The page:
On 18 June 2020, Young Legal Aid Lawyers (YLAL) published its report on the impact of COVID-19 on law students. Students make up a sizeable proportion of YLAL’s membership and one of YLAL’s main focus areas is to encourage individuals to consider a career in legal aid. The report considers survey responses collected between 20 April and 5 May 2020. We received 138 responses from YLAL members who are students.
The report highlights the key issues facing students undertaking legal studies at universities and commercial course providers across England, Wales and Scotland. Universities, course providers and teaching staff have been placed under huge pressure to ensure that courses continue during the pandemic, with teaching and assessment formats being dramatically altered to adapt to new restrictions on social interaction and gatherings. This has led to academic programmes which bear little resemblance to those which our members originally signed up to and paid fees for.
Whilst we do not underestimate the challenge faced by legal education providers, YLAL is concerned by the disruption caused to our members through poor communication and planning. Much has been lost through moving classes to online platforms, with students expressing feeling social isolation and missing the social and interactive aspects of traditional learning environments.
Key findings of YLAL’s student report include:
- 17.2% of respondents said that their studies had been ‘severely’ disrupted by COVID-19.
- 12.5% reported that no arrangements had been made to facilitate their exams remotely, and there was a substantial lack of communication around plans.
- 2.2% of respondents described measures put in place by their university or course provider to adapt to the COVID-19 restrictions as ‘fair’.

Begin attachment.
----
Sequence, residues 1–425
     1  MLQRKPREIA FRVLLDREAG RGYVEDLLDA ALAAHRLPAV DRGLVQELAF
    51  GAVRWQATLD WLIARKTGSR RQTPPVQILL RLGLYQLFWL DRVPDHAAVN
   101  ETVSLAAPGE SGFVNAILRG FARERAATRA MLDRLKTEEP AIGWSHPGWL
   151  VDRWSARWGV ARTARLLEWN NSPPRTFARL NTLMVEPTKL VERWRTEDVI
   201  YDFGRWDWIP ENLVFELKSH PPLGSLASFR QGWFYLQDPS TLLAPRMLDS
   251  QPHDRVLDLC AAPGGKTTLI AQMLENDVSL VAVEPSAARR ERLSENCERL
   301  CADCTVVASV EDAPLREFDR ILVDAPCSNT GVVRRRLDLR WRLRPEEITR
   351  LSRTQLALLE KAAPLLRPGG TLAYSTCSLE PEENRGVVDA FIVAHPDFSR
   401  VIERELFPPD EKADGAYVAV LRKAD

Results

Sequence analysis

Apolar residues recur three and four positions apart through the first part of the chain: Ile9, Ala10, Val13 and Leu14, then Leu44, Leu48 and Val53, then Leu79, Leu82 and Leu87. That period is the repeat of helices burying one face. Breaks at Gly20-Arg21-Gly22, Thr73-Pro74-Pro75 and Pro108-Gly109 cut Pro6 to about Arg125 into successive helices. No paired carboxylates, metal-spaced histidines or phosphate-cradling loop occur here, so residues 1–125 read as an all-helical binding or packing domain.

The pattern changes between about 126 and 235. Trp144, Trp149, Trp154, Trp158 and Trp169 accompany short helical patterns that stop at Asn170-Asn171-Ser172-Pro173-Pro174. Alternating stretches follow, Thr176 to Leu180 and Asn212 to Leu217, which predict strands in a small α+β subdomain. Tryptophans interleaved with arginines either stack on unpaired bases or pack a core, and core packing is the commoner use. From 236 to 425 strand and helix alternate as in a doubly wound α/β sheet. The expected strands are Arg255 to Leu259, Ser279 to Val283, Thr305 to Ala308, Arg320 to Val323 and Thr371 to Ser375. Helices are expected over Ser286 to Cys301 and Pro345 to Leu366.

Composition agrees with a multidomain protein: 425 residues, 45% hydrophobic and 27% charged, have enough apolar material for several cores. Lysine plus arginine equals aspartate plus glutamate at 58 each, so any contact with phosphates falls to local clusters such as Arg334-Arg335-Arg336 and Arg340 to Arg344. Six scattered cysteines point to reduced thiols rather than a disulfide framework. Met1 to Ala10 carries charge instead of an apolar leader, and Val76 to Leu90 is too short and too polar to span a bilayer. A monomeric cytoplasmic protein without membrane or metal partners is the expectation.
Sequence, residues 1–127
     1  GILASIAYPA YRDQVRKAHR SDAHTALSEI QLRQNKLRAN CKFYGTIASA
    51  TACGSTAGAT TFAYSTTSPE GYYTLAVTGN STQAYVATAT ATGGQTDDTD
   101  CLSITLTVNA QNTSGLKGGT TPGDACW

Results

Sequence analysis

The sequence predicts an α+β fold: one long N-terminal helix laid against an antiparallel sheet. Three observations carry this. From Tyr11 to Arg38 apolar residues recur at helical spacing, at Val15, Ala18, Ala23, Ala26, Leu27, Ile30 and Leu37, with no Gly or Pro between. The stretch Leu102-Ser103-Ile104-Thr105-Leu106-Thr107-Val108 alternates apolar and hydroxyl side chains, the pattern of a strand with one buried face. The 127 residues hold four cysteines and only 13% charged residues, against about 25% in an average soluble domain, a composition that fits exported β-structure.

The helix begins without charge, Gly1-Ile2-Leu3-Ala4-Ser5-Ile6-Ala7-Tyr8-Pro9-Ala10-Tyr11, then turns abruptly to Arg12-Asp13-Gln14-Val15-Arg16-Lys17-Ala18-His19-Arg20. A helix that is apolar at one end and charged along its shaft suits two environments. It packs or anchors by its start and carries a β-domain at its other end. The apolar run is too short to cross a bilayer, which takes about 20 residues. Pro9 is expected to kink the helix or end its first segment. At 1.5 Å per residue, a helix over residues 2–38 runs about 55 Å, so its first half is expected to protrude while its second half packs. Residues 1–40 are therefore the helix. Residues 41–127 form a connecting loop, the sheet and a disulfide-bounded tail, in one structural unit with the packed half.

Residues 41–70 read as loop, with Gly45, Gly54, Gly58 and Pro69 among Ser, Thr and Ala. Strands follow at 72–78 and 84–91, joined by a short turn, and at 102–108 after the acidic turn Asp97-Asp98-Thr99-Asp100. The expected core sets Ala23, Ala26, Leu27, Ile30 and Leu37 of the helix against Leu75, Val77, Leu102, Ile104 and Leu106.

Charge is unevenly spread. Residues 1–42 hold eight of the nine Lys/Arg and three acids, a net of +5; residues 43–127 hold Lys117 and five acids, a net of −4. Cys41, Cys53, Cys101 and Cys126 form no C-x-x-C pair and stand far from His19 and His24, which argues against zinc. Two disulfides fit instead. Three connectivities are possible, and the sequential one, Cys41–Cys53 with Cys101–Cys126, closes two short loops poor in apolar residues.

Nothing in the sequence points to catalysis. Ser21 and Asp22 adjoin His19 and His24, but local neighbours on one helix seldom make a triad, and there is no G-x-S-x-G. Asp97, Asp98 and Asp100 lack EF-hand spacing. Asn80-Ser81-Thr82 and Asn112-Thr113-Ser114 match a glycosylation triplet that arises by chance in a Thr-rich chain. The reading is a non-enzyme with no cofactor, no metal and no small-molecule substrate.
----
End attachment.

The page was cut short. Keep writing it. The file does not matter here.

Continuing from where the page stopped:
- Many respondents expressed deep concern about the response by the Bar Standards Board to COVID-19 and the lack of confirmation around BSB exams, which have been postponed until August 2020.High levels of concern were expressed around the impact of COVID-19 upon students’ personal finances, caring responsibilities, mental health and employability
The report makes a number of recommendations to course providers and the Bar Standards Board (BSB)
- Course providers should take steps to ensure that, where learning is to take place remotely either during or following the COVID-19 pandemic, it is as interactive as possible;
- Course providers should promptly and effectively communicate with their students to allay any concerns that may arise as a result of uncertainty;
- Course providers should explore and/or generate remote work experience placements to enhance students’ employability during COVID-19
- The BSB should consider changing the format of the BSB exams in August 2020 to open book conditions with provision for breaks and/or ensure the proposed proctoring service accommodates breaks.
YLAL recognises that this is a hugely trying situation for the whole of the academic community. However, it is important that legal course providers listen proactively to students’ concerns and communicate transparently with them so as to reduce uncertainty.
YLAL is greatly concerned about the impact of COVID-19 upon social mobility in the legal aid sector, and the likelihood that many of those who previously considered a career as a legal aid lawyer will rethink their plans in light of the pandemic. Despite this, we remain inspired by our student members, their significant contribution they have made and continue to make to YLAL’s activities during the pandemic, and the ongoing commitment, expressed in the report, to careers as legal aid lawyers.
The full report can be found here.
For questions about the report or media enquiries, please email email@example.com.
Young Legal Aid Lawyers
18 June 2020